A Santa Rosa workers’ compensation lawyer can advise California employees about their right to benefits after a claim is denied
Occasionally, a workers’ compensation insurance company will deny an injured worker’s claim. When that happens, a Santa Rosa workers’ compensation attorney can help the injured worker obtain the compensation that the law requires.
Workers’ compensation claims can be denied for several reasons. Here are some of the most common reasons:
1. The injured worker missed deadlines
Work-related injuries should be reported to the employer within 30 days after they occur. Conditions and diseases that develop over time should be reported within 30 days after the injured worker realizes they are work-related. A claims administrator will likely deny the claim if an injured worker fails to meet reporting deadlines.
When an injured worker’s entitlement to benefits (or additional benefits) is contested, she may lose the ability to obtain benefits by waiting too long to challenge the claims administrator’s denial. Proceedings must usually be commenced within one year of the claim being denied or from the date the last benefits were provided, although a longer time period may apply in some cases. Hiring a Santa Rosa workers’ compensation lawyer immediately after a claim is denied will assure that proceedings are commenced on time.
2. The injury is not work-related
Workers’ compensation benefits are only paid in relation to work-related injuries. An employee who is injured at home or in a car accident (unless the employee was driving for an employment-related purpose) is not entitled to for workers’ compensation benefits.
Claims administrators almost always deny claims when nobody witnessed the event that caused the injury. When other employees witness the injury, there isn’t usually any doubt as to whether or not the injury is work-related. Claims administrators generally deny claims when the injury is not immediately reported to the employer. Always report your work injury to a supervisor as soon as possible.
Claims might also be denied when the claim is based on a condition or disease that developed gradually over time. Repetitive stress injuries and occupational diseases caused by the work environment are more likely to be challenged than specific injuries because their causes are not always clear. Denying claims is a way for insurance companies to save money.
3. The injured worker was not an employee
When an employee reports a work injury to the employer immediately after it occurs, employment status is not usually an issue. Employment status is more likely to be contested when an employee first makes a claim after his or her employment has ended. An injured worker who reports her injury after being separated from her employment, will almost always have her claim denied. This is another reason why injuries should always be reported to the employer immediately.
Claims are also denied when an employer claims that a worker was not an employee but was an independent contractor. Many employers misidentify their employees as independent contractors. Sometimes they do so deliberately to avoid contributing to payroll taxes and other benefits (including workers’ compensation insurance) that only apply to employees. Sometime employers are simply ignorant of the California test that distinguishes employees from independent contractors. The label assigned by the employer is not part of that test. However, when an employer has misclassified an employee as an independent contractor, the claims administrator will usually deny the workers’ compensation claim.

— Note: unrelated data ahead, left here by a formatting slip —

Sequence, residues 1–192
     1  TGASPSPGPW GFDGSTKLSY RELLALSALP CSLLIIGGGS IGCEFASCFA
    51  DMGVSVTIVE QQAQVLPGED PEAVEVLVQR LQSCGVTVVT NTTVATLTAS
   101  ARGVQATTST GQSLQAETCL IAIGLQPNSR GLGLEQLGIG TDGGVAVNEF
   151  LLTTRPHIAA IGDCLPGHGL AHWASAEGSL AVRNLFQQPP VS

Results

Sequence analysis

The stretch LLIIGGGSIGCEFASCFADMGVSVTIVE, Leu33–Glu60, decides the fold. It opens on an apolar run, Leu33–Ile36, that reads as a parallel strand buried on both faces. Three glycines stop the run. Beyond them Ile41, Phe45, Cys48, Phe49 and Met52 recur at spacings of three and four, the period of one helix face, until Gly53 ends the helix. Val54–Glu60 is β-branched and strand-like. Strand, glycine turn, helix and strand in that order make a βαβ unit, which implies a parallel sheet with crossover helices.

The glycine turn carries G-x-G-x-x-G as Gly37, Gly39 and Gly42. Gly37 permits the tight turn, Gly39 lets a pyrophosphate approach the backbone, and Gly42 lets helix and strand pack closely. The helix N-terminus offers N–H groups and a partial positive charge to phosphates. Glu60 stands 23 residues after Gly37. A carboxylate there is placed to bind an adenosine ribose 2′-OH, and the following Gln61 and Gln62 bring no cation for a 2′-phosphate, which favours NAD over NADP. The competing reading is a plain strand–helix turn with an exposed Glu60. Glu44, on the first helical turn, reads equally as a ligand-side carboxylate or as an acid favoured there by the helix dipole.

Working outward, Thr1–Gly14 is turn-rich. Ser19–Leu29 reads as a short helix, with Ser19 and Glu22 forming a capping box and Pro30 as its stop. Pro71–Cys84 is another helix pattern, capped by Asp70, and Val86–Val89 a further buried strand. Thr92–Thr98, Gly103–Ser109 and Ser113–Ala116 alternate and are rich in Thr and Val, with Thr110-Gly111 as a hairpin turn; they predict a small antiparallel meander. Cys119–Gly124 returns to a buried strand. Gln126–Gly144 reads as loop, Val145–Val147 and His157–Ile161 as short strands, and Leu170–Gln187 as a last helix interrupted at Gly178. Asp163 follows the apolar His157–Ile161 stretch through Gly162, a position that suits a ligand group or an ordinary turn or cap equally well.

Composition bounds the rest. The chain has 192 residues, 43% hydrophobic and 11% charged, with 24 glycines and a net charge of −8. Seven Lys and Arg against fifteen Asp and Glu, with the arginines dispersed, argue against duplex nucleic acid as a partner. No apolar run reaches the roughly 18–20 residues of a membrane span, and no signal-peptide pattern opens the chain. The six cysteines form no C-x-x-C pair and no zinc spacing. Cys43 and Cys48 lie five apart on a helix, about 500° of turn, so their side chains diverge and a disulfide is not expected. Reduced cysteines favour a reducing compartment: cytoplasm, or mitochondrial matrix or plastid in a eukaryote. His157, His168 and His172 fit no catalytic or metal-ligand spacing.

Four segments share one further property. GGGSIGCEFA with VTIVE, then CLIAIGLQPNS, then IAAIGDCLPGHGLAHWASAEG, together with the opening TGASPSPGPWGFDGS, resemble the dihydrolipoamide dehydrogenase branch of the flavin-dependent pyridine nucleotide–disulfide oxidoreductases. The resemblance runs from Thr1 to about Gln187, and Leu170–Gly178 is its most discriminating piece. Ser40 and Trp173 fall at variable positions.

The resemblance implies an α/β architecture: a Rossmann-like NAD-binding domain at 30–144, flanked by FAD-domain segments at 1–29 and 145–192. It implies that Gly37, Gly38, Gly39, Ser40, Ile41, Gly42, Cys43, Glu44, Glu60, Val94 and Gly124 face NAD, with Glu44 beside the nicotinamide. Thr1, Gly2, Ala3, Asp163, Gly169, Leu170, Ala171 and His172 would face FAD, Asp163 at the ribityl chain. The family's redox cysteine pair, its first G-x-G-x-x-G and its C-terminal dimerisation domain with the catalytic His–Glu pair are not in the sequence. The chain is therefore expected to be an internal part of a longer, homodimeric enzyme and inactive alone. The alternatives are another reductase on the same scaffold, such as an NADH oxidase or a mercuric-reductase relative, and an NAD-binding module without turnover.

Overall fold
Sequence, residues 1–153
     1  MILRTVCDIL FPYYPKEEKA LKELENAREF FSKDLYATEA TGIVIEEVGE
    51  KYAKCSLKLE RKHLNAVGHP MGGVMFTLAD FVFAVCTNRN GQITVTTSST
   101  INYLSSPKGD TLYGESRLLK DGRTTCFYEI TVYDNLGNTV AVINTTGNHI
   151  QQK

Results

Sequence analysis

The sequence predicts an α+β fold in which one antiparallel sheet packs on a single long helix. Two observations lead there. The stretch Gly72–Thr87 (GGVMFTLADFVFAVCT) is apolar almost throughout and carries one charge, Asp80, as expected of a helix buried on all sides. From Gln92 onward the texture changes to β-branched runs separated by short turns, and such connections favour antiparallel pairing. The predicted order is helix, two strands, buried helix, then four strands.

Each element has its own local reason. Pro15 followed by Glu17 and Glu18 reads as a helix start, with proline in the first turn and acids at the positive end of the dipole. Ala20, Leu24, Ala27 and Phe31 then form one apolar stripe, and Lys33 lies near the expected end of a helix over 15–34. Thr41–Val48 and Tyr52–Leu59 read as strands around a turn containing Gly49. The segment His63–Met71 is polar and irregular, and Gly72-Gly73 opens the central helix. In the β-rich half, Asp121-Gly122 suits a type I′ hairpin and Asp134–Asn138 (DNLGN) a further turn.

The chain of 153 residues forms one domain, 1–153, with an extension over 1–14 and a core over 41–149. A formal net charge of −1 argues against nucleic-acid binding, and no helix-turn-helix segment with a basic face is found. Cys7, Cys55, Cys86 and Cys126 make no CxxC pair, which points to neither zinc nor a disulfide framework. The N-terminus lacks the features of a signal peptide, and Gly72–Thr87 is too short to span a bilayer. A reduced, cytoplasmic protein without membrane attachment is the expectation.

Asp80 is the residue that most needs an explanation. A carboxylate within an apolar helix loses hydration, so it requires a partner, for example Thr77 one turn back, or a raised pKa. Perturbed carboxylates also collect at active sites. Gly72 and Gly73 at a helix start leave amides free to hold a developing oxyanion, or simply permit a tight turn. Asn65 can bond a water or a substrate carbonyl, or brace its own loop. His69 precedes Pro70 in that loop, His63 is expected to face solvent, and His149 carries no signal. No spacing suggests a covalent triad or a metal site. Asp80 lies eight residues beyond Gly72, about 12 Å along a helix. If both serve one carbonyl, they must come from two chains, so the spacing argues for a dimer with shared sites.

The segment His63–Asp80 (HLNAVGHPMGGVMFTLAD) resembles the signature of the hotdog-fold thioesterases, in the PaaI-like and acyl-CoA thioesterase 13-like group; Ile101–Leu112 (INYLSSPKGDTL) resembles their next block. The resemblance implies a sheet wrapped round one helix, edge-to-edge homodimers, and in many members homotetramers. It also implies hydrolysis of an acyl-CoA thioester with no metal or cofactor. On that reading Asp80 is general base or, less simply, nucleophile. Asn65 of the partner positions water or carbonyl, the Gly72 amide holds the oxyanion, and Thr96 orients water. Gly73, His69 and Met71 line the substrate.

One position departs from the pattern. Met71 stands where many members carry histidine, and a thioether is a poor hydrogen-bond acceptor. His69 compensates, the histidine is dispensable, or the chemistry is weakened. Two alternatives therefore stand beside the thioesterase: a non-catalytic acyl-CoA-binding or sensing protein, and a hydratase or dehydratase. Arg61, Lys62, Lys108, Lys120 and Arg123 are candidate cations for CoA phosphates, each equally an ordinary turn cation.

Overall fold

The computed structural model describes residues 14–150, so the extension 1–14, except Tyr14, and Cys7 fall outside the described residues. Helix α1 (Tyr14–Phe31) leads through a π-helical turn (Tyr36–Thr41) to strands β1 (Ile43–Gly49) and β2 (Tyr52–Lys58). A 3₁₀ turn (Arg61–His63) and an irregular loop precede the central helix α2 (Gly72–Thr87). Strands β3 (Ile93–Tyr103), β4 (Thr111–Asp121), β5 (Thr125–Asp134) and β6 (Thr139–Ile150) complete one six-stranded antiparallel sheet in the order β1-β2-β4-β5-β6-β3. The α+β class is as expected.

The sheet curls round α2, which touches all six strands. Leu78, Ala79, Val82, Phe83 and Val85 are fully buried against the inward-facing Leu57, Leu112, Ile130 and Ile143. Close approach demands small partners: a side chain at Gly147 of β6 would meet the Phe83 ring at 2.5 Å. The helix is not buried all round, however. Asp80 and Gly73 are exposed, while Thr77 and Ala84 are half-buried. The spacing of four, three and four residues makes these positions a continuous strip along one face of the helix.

4. No injury occurred
The insurance industry works hard to spread the myth that fraudulent workers’ compensation claims are rampant. Relying on that myth, claims administrators sometimes deny that there was an injury. Or, they assert that the injured worker is faking the injury simply to collect workers’ compensation benefits.
5. The injury has healed
Sometimes the claims administrator will not dispute a workers’ compensation claim, but will stop paying temporary disability benefits to soon, or will deny permanent disability benefits, claiming the injury has completely healed. The claims administrator might disagree with the treating physician’s assessment of the injury and might insist on a Qualified Medical Evaluation (QME), and terminate all benefits until that process has been completed.
What to Do After a Claim Is Denied
The proper step to take after a claim is denied depends on the reason for the denial. If the Claims Administrator asserts that the injury is not work-related, it is helpful to find witnesses who can corroborate the injury. If the Claims Administrator denies that the injured worker was an employee, a workers’ compensation attorney can review the circumstances of the work to determine whether the worker is entitled to workers’ compensation benefits.
If the Claims Administrator denies an injury happened or asserts that it has healed, it may be necessary to obtain additional medical evidence. If the Claims Administrator wants an opinion from a QME, it is important to have input into the selection of the physician who will conduct the medical review.
Effectively challenging the denial of a claim requires a thorough knowledge of California workers’ compensation law. The starting point when a workers’ compensation claim has been denied is to review the facts with an experienced workers’ compensation lawyer. Contact the Santa Rosa firm of Kneisler & Schondel at (707) 542-5132 or use our online contact form to inquire about the denial of your workers’ compensation claim.